Web accessibility metrics are crucial for the quantitative evaluation of web sites. We present a new automatic metric called WAB, based on the WAB metric with extensions inspired from the UWEM metric. The first results are encouraging as we have obtained better precision when calculation the accessibility level measured for a site. Related Work The following is a brief summary of the features of the two metrics considered: WAB and UWEM.

We need quantitative evaluations of accessibility [

We focused on two of these metrics: WAB and UWEM. The first one is popular in
accessibility studies [

WAB metric [

WAB score = ?p ?v ???? Nnvv ×Wv ?? ? ? N p

With p = Total pages of a Website, v = Total violations of a Web page, nv = Number of violations, Nv = Number of potential violations, Wv = Weight of violations in inverse proportion to WCAG priority level, and Np = Total number of pages checked.

WAB scores greater than 5.5 denote a web site with serious accessibility problems
[

The UWEM [

One of the outputs is a score computed using the following metric:

F (s) =

Bp1 + Bp2 + ... + Bpn + Np1 + Np2 + ... + Npn +

? Bst t _ on _ site _ level

? N st t _ on _ site _ level

With F(s) = UWEM score for the site s, Bpi = Total number of "fail" results from all tests within page pi and Npi = Total number applications of all tests within page pi. Bearing in mind that some UWEM tests apply to the web site as a whole and not to individual pages, Bst = Total number of "fail" results from all tests on site level, Nst= Total number applications of all tests on site level.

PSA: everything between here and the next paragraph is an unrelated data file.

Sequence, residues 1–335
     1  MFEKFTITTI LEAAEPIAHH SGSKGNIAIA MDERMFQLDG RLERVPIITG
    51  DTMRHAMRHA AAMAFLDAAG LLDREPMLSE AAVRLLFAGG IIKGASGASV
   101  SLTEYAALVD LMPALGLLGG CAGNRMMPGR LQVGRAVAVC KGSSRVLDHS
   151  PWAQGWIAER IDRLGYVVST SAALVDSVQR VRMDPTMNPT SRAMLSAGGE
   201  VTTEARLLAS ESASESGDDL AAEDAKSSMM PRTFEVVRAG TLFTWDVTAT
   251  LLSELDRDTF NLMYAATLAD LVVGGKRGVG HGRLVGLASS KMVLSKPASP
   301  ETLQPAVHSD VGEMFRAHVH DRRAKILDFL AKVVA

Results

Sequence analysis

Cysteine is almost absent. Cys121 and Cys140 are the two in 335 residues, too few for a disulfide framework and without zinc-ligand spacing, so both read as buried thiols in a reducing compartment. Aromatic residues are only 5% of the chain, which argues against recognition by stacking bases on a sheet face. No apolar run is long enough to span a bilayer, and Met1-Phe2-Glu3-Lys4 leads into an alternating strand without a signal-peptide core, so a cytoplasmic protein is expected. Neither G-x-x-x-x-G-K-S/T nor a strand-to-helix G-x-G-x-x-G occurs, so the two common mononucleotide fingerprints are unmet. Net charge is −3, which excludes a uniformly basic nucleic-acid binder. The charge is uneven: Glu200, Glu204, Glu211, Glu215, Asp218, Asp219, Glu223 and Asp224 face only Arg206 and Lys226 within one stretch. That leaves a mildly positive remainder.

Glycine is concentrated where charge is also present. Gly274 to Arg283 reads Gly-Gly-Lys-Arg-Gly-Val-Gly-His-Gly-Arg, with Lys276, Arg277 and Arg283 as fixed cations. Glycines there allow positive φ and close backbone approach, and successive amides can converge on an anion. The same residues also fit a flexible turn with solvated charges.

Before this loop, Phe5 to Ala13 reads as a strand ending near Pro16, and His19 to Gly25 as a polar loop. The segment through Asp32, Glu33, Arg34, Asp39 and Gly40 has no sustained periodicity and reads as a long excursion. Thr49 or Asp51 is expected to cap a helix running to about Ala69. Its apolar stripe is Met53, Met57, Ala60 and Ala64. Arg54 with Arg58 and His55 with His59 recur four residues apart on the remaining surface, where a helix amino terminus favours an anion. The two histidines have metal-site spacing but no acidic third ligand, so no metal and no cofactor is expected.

The UWEM metric (Fs) value is a number between 0 and 1. A score of zero denotes that the Web site should not present serious problems of accessibility. 3

WAB* As mentioned before, the WAB metric evaluates 25 checkpoints from the 3 priority levels. However, the tests performed to evaluate the checkpoints are sometimes vague when specifying the way to determine the number of potential violations of each checkpoint. This is owed mostly to the evolution of the technology used in the construction of web sites. Table 1 shows some examples.

On the other hand, the UWEM metric specifies priority 1 and 2 checkpoints of greater precision than the ones used in WAB (as seen in Table 2) when identifying the number of potential violations. However, the downside of this metric is that no priority 3 checkpoint is used.

WAB* considers all 3 priority levels (as WAB), and not only 2.

WAB* uses the same WAB metric (with the same weights).

WAB* has all WAB checkpoints but updated to eliminate deficiencies. For example: a. b.

Not only frames, but iframes are tested.

Not only table, th, td, and frame are tested for relative size and position, but also div, iframe, object, and applet.

Besides, WAB* includes eleven automatic checkpoints from the UWEM metric.

The final result is a metric with 36 fully automatic, evaluable checkpoints. 6 are priority 1, 23 are priority 2, and 7 are priority 3. The complete table is not included for space reasons.

We performed an accessibility study of the European Banking Section (some results
are published in [

We have introduced WAB*, a new fully-automatic metric. It is based on WAB but has a much more severe accessibility evaluation, using also UWEM-inspired checkpoints. It evaluates 36 checkpoints against WAB?s 25, and with more precision. The first results from studies performed using the new metric show it provides more precise markers for accessibility levels than the other two metrics.